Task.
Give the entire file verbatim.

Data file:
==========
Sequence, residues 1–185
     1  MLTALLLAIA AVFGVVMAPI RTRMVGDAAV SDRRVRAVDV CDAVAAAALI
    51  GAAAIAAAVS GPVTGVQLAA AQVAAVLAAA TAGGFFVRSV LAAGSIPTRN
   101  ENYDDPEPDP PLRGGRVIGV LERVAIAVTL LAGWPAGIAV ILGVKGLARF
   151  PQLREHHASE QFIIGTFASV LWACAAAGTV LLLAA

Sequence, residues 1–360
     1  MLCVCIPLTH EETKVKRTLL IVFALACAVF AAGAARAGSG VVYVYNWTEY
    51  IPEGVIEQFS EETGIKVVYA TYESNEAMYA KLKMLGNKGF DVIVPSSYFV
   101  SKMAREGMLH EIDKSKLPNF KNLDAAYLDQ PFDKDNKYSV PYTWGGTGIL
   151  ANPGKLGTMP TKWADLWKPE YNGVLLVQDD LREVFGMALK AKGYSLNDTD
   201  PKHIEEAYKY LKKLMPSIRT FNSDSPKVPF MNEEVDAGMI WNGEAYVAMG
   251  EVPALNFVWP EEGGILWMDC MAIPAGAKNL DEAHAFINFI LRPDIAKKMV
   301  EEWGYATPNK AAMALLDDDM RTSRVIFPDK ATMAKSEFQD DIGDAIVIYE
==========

Sequence, residues 1–185
     1  MLTALLLAIA AVFGVVMAPI RTRMVGDAAV SDRRVRAVDV CDAVAAAALI
    51  GAAAIAAAVS GPVTGVQLAA AQVAAVLAAA TAGGFFVRSV LAAGSIPTRN
   101  ENYDDPEPDP PLRGGRVIGV LERVAIAVTL LAGWPAGIAV ILGVKGLARF
   151  PQLREHHASE QFIIGTFASV LWACAAAGTV LLLAA

Sequence, residues 1–360
     1  MLCVCIPLTH EETKVKRTLL IVFALACAVF AAGAARAGSG VVYVYNWTEY
    51  IPEGVIEQFS EETGIKVVYA TYESNEAMYA KLKMLGNKGF DVIVPSSYFV
   101  SKMAREGMLH EIDKSKLPNF KNLDAAYLDQ PFDKDNKYSV PYTWGGTGIL
   151  ANPGKLGTMP TKWADLWKPE YNGVLLVQDD LREVFGMALK AKGYSLNDTD
   201  PKHIEEAYKY LKKLMPSIRT FNSDSPKVPF MNEEVDAGMI WNGEAYVAMG
   251  EVPALNFVWP EEGGILWMDC MAIPAGAKNL DEAHAFINFI LRPDIAKKMV
   301  EEWGYATPNK AAMALLDDDM RTSRVIFPDK ATMAKSEFQD DIGDAIVIYE